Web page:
Steve Thompson g8gsq72 at gmail.com
Thu Dec 12 04:21:12 EST 2019

I think the GI7 is indirectly heated with a cathode, like 8877. If 
there's no coupling cap between the cathode and filaments, it 
shouldn't need a big heavy duty filament choke like you need with 
3-500Z and the like.

The input impedance of the tubes varies with drive level and 
operating voltage etc. and might not be near 50ohms. The input 
matching needs to be set up to suit that:

Copied from 

     One example will serve to illustrate the problem of valve 
impedence swing. Some years ago I constructed a 6m linear using 
the Russian GI7-BT triodes and needed to establish the cathode 
impedance over the working drive range. This data wasn’t included 
in the data sheet so I had to determine it experimentally. A test 
amplifier was built and driven by a very good high power driving 
source made by Hewlett Packard and a dual directional coupler was 
used to sample the amplitude and phase of the input signal. From 
this I was able to measure the impedance as the drive was varied. 
At 1W drive the cathode exhibited an impedance of over 600Ω and 
the grid current was very low. At 5W the impedance was 150Ω and 
the grid current was 50% of the safe maximum according to the data 
sheet. At 10W the grid current had reached the maximum value, with 
an impedance of under 30Ω.

Steve G8GSQ

>> I have a commercial amp from Europe running a pair of GI7B 
>> tubes. The amp works well and loafs along at 500W output with no 
>> problems on any band, but it has a very high input SWR on all 
>> bands. Design of this amp is such that drive is fed into the 
>> filament choke via a BNC connector and cable from the input 
>> matching circuit so it was easy to check the input pi networks 
>> for each band. On all but 15M the input SWR indicated when 
>> tested this way was quite acceptable: 1.3-1.7 as tested with an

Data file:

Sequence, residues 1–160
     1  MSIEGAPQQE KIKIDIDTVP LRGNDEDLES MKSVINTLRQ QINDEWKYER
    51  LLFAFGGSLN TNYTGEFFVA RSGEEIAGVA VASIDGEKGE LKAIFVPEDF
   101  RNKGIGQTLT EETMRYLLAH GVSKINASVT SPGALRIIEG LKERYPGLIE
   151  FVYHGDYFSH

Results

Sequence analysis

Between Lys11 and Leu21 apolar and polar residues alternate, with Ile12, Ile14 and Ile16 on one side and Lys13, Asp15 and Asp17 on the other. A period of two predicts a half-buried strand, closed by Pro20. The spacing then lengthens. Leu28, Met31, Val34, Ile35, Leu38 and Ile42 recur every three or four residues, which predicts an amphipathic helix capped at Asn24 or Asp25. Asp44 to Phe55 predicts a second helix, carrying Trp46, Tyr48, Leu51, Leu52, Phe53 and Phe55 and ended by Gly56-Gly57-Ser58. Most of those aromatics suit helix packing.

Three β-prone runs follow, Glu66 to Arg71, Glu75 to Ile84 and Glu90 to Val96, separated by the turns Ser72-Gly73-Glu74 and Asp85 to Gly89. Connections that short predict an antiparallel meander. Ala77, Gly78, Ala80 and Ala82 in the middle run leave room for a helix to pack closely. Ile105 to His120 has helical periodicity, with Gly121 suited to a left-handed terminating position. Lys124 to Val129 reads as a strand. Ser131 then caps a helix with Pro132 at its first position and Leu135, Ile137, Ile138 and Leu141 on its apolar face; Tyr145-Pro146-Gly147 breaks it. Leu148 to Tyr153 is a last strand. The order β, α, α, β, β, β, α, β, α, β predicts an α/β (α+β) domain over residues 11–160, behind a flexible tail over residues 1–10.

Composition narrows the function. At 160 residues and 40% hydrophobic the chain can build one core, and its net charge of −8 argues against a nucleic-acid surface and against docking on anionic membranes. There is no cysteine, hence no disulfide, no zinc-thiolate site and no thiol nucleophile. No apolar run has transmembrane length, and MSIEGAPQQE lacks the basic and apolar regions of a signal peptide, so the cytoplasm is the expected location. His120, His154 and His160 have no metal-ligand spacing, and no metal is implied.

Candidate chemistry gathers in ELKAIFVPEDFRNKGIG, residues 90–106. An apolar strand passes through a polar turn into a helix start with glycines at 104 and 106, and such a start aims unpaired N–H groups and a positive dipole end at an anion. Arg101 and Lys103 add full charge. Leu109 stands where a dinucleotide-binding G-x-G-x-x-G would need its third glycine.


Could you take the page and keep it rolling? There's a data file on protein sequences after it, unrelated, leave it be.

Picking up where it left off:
>> MFJ analyzer. Similar results were obtained by attaching the 
>> input matching circuit BNC to a dummy load and feeding a small 
>> amount of power into the front of the input circuit. So, the 
>> problem does not appear to be in the input circuitry.
>> The first thing I discovered when I opened up the sub-chassis 
>> was that the coupling input capacitor appeared to be too low in 
>> value: only 1 nf compared to many designs for a pair of these 
>> tubes which I have seen using 10 nf. Second, there were no 
>> filament by-pass caps installed and no cap across the filaments. 
>> Therefore, as an experiment I installed by-passing using common 
>> values and changed the input cap to 10 nf. These changes 
>> produced no lowering of the input SWR but did increase the plate 
>> current drawn for a particular level of drive, probably due to 
>> much higher drive.
>> This amp design uses a large fan beneath the tubes which does 
>> not leave very much room for a rod-type filament choke inside 
>> the enclosure. The choke is wound with 19 bifiliar turns of what 
>> looks to be #16 wire on a toroid, 1.75" in diameter by 3/8 inch 
>> thick. No information is available on the core.
>> My questions is this: if this filament choke is undersized, 
>> could this be causing the high input SWR? If not, does anyone 
>> have other ideas about the problem?
>> Bill, VE3NH

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